DENVER (KDVR) — With Coloradans gaining a new way of being laid to rest, many area funeral homes are applauding the state’s decision to allow for “human composting,” a process that turns a person’s body into soil after they’ve passed away.
Gov. Jared Polis signed the bill into law this week, giving Coloradans three options for how they’d like to leave this world: by burial, cremation, and now, “natural organic reduction.”
The Feldman Mortuary in Denver is one of many businesses planning to offer this option, saying they’ve received plenty of local interest already.
According to the mortuary, the human composting process starts with a vessel.
“So a vessel is where the composting happens. The body gets placed into a vessel along with alfalfa and wood chips. And it is agitated very slowly to have oxygen move around. And in about 30 to 40 days everything has decomposed to become soil,” said Jamie Sarche, Director of Pre-planning at Feldman Mortuary.
According to Sarche, pretty much everything inside the vessel turns into soil, and quite a bit of soil at that. Apparently, it’s enough to fill up the bed of a truck.
Not everyone approves of this practice, however.
The Colorado Catholic Conference is the main group in Colorado against the idea, saying “human life and the human body are sacred” and shouldn’t undergo this process.
The church goes on to say it’s a moral issue and, “the conversion of human remains to soil does not promote human dignity” and adds, “there’s not enough research on what the practices will do for health and safety.”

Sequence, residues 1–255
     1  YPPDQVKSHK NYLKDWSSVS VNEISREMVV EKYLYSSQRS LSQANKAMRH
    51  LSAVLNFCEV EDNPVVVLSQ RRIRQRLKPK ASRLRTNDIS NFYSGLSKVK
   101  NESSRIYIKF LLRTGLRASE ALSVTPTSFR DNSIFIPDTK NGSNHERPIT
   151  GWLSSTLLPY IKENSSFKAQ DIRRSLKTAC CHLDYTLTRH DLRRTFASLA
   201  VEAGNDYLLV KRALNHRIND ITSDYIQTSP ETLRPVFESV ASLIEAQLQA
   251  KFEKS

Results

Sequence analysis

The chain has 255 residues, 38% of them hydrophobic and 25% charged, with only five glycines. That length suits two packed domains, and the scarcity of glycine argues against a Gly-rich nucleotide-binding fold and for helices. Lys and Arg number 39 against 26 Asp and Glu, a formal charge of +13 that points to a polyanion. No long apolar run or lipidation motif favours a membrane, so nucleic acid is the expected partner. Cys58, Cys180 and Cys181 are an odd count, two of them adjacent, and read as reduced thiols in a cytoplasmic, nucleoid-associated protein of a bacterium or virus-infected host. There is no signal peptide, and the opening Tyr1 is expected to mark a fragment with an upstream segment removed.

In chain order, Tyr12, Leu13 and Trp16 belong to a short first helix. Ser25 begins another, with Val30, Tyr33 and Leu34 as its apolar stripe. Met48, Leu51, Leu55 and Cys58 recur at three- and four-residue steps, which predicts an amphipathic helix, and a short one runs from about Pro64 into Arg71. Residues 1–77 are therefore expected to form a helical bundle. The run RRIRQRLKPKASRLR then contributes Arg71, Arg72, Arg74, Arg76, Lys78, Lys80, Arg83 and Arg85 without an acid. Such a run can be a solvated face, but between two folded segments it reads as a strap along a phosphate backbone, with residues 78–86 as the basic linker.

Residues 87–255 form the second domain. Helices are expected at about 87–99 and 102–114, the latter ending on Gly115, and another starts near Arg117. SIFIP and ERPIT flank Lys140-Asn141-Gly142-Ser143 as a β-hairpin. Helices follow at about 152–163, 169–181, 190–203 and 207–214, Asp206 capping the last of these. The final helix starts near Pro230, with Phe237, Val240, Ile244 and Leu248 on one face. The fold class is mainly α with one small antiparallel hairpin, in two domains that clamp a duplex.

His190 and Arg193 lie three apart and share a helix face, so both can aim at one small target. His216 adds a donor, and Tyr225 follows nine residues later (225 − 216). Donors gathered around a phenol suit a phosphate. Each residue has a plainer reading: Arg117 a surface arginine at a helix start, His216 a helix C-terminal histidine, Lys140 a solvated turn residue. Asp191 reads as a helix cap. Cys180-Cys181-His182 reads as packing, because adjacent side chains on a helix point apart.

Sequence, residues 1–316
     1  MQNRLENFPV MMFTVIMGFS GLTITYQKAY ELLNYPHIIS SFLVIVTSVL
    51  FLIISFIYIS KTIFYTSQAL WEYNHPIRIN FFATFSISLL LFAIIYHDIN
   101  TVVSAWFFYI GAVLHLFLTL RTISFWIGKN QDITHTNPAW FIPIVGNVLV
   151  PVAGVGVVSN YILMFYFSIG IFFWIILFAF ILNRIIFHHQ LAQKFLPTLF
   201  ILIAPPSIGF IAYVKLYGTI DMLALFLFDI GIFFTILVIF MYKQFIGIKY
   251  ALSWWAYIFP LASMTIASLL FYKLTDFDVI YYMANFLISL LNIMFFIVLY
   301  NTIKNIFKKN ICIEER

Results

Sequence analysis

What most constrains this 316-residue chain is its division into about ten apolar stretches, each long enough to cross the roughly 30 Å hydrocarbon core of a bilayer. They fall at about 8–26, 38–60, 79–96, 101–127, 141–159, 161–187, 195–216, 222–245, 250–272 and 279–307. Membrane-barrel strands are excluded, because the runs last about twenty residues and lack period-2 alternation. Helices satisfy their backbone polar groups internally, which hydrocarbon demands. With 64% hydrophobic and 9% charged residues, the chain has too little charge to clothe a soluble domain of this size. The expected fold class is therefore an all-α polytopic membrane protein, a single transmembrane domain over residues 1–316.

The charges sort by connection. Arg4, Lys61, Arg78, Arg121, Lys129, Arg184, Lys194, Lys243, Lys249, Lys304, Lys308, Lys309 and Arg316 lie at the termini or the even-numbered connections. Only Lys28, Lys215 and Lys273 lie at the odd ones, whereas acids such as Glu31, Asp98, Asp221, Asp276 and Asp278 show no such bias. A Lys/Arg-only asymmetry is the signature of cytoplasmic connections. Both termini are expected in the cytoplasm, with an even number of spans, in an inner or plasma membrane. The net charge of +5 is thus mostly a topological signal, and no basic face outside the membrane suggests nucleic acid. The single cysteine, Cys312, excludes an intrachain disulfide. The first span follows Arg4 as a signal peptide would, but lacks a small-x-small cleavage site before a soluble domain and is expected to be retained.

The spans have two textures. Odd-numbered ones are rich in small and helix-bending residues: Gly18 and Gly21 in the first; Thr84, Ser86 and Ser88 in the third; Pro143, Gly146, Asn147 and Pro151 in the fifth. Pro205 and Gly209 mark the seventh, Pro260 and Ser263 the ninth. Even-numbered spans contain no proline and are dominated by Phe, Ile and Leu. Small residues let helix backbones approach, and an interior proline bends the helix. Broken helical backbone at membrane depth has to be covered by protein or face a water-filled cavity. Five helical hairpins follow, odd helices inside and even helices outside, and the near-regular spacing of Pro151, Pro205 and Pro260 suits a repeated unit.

Sarche disagrees, saying the process is a more gentle way to care for the body compared to fire cremation.
“I know this process has been used in agriculture for years and years and years. So we do know a lot more about it. And I would say, honestly, I do think it’s a lot more dignified than fire cremation. When you put a body in an oven, most of us are afraid of fire. And what we think of ash is mostly just pulverized bone,” Sarche said.
“For the longest time fire cremation was not considered a Catholic way of doing things, but plenty of Catholics were doing it and the church eventually decided to follow its membership,” Sarche said.
Sarche believes the same thing will happen with human composting.